15 infamous dissected cows preserved in formaldehyde, Some Comfort Gained from the Acceptance of the Inherent Lies in Everything, In these galleries, the pure products of America are everywhere sampled, recombined, and transformed: In Cady Noland s rogues gallery of ugly Americans, a bullet-riddled Lee Harvey Oswald bleeds the Stars and Stripes, and a hokey campaign poster ( This Time, Nixon. ) prophesies dark times ahead; in David Hammons s subversive bricolage, urban hoop dreams take on a surrealist dimension (the basketball net reflected in the glass backboard drips with crystal like an ancien régime sconce); and in his excavation of the proverbial shoebox of snapshots, Pink Curtain, 2005, Mike Kelley teases out imperial America s repressed in an eerie dance of veils. This sequence also houses singular statements by other influential, post-pop artists: Cindy Sherman is represented by an impressive body of provocative photographs that depict a series of lurid assemblages of sexualized mannequins. A recent animatronic sculpture by Paul McCarthy entitled Mechanical Pig, 2005 shows a life size, hyper realistic swine that sleeps atop of a high-tech mechanical base. The two concluding galleries are dedicated to two seminal sculptures by Los Angeles based artist Charles Ray his enigmatic Aluminum Girl, 2003 and his ode to post-industrial obsolescence Untitled (Tractor), Where Are We Going? : the fourth and final chapter of this show suggests that the answers to Hirst s question are as various the art of Today. Alison M. Gingeras Trained as an art historian, thirty-two-year-old Alison M. Gingeras is an Adjunct Curator at the Guggenheim Museum in New York. From 1999 to 2004, Ms. Gingeras was Curator for Contemporary Art at the Centre Pompidou, Paris, where she curated several exhibitions and public projects, including: Dear Painter, Paint Me: Painting the Figure after late Picabia (2002); Daniel Buren: Le Musee Qui N Existait Pas (2002), as well two public projects with Thomas Hirschhorn, Skulptur Sortier Station (2001) and Le Musée Precaire Albinet (2004). As part of the official Olympic Cultural Program in Athens during 2004, Ms. Gingeras was also a co-curator of the Deste Foundation s Monument To Now. Ms. Gingeras has authored several artist monographs and exhibition catalogues, including books dedicated to the work of Jeff Koons, Martin Kippenberger, Thomas Hirschhorn, Glenn Brown, John Currin, and Guy Bourdin. Ms. Gingeras is a frequent contributor to Artforum and is a member of the editorial board of Tate, Etc. magazine. She divides her time between Paris, New York, and Warsaw. Artists Commissions To mark the re-opening of Palazzo Grassi, several works were commissioned especially for the exhibition, including a playful installation by the young Swiss artist Urs Fischer in the Palazzo s grand staircase, as well as a gallery densely covered with new wall paintings by American artist Raymond Pettibon combined with a selection of the artist s signature incantations and images drawn from the collection. Finally, Danish artist Olafur Eliasson realized a new commission for Palazzo Grassi s Grand Canal façade. Known for spectacular installations evoking natural phenomenon, Eliasson has designed a luminous skin to be stretched over the magnificent Neo-Classical façade. Made from an experimental self-illuminating material, the textile of interwoven cords will be suspended from the Palazzo s roof to the edge of the waters below, radiating a turquoise glow beginning each day at dusk. Inspired by the Venetian cityscapes in the paintings of Canaletto, the weave of cords to recalls the motifs of the oriental carpets that once hung from the balconies of the noble palazzi lining Venice s watery main thoroughfare. This temporary installation signals to all passers-by the rebirth of the Palazzo Grassi.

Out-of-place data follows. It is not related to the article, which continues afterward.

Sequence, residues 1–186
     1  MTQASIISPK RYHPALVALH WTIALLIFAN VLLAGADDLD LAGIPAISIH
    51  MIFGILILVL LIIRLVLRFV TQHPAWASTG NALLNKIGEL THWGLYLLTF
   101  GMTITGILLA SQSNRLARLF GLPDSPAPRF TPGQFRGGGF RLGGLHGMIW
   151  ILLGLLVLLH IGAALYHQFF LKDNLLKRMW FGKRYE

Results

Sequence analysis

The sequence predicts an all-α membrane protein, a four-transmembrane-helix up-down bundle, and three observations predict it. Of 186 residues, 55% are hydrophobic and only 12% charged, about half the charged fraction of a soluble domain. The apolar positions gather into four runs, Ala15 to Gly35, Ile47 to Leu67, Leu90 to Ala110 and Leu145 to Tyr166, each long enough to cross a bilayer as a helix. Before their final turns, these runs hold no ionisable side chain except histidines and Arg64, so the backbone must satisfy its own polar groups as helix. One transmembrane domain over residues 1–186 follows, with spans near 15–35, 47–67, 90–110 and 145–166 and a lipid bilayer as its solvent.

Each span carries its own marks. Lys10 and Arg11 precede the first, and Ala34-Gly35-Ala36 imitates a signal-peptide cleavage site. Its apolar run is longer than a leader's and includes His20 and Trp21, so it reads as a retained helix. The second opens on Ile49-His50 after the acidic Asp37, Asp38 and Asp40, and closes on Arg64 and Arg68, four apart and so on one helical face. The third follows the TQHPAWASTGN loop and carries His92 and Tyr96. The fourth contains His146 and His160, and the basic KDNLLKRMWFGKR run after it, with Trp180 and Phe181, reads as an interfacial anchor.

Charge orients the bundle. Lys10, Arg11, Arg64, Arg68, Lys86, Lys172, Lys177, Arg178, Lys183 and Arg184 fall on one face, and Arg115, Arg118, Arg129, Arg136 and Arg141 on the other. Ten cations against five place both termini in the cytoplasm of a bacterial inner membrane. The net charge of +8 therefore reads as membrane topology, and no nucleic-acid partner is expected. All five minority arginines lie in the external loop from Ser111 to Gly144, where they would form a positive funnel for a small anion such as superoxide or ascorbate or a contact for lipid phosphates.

16 Checklist Exterior works Balloon Dog Olafur Elliason Murakami Ground Floor Urs Fischer Vintage Violence ( ) Plaster, resin paint, hardware, and nylon / 1,700 rain drops / Overall dimensions variable Carl Andre 37th Piece of Work ( ) 1,296 aluminium, copper, steel, magnesium, lead, and zinc square plates on floor (216 of each metal) / 1 x 1,097.3 x 1,097.3 cm overall Piotr Uklanski Untitled (Monsieur François Pinault) (2003) Colour photograph / 93.5 x cm Jeff Koons Hanging Heart ( ) High-chromium stainless steel with coloured coating / x x cm First Floor Maurizio Cattelan Him (2001) Wax, human hair, suit, and polyester resin / 101 x 41 x 53 cm Charles Ray Aluminum Girl (2003) Aluminium and paint / x 47 x 29.2 cm Charles Ray Untitled (Tractor) ( ) Cast aluminium / x x cm Gerhard Richter Grosse Sphinx von Giseh (1964) Oil on canvas / x x 170 cm Gerhard Richter Personengruppe (1965) Oil on canvas / 170 x 200 cm